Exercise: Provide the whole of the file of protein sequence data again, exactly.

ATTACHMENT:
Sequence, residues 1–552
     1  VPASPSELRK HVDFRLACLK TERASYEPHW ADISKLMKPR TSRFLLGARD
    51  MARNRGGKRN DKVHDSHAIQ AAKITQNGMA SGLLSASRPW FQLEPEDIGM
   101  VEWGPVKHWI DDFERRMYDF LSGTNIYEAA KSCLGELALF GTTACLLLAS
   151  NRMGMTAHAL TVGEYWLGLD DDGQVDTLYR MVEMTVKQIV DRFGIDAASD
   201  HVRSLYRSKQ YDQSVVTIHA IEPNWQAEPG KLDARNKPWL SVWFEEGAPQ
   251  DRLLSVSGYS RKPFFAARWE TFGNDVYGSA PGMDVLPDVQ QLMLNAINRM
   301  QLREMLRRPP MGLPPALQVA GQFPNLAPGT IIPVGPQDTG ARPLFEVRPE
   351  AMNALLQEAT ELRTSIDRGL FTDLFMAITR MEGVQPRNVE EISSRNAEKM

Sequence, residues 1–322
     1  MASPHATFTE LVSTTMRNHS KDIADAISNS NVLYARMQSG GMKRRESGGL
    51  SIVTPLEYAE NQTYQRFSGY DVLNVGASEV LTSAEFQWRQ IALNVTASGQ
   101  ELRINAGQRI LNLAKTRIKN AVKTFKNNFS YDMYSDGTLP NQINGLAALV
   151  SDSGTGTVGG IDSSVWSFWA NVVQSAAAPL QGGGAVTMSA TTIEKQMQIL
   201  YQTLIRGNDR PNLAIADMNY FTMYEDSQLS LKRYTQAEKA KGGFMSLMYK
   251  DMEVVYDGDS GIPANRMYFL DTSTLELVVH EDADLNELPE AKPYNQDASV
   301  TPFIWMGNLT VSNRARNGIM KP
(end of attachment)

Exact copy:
Sequence, residues 1–552
     1  VPASPSELRK HVDFRLACLK TERASYEPHW ADISKLMKPR TSRFLLGARD
    51  MARNRGGKRN DKVHDSHAIQ AAKITQNGMA SGLLSASRPW FQLEPEDIGM
   101  VEWGPVKHWI DDFERRMYDF LSGTNIYEAA KSCLGELALF GTTACLLLAS
   151  NRMGMTAHAL TVGEYWLGLD DDGQVDTLYR MVEMTVKQIV DRFGIDAASD
   201  HVRSLYRSKQ YDQSVVTIHA IEPNWQAEPG KLDARNKPWL SVWFEEGAPQ
   251  DRLLSVSGYS RKPFFAARWE TFGNDVYGSA PGMDVLPDVQ QLMLNAINRM
   301  QLREMLRRPP MGLPPALQVA GQFPNLAPGT IIPVGPQDTG ARPLFEVRPE
   351  AMNALLQEAT ELRTSIDRGL FTDLFMAITR MEGVQPRNVE EISSRNAEKM

Sequence, residues 1–322
     1  MASPHATFTE LVSTTMRNHS KDIADAISNS NVLYARMQSG GMKRRESGGL
    51  SIVTPLEYAE NQTYQRFSGY DVLNVGASEV LTSAEFQWRQ IALNVTASGQ
   101  ELRINAGQRI LNLAKTRIKN AVKTFKNNFS YDMYSDGTLP NQINGLAALV
   151  SDSGTGTVGG IDSSVWSFWA NVVQSAAAPL QGGGAVTMSA TTIEKQMQIL
   201  YQTLIRGNDR PNLAIADMNY FTMYEDSQLS LKRYTQAEKA KGGFMSLMYK
   251  DMEVVYDGDS GIPANRMYFL DTSTLELVVH EDADLNELPE AKPYNQDASV
   301  TPFIWMGNLT VSNRARNGIM KP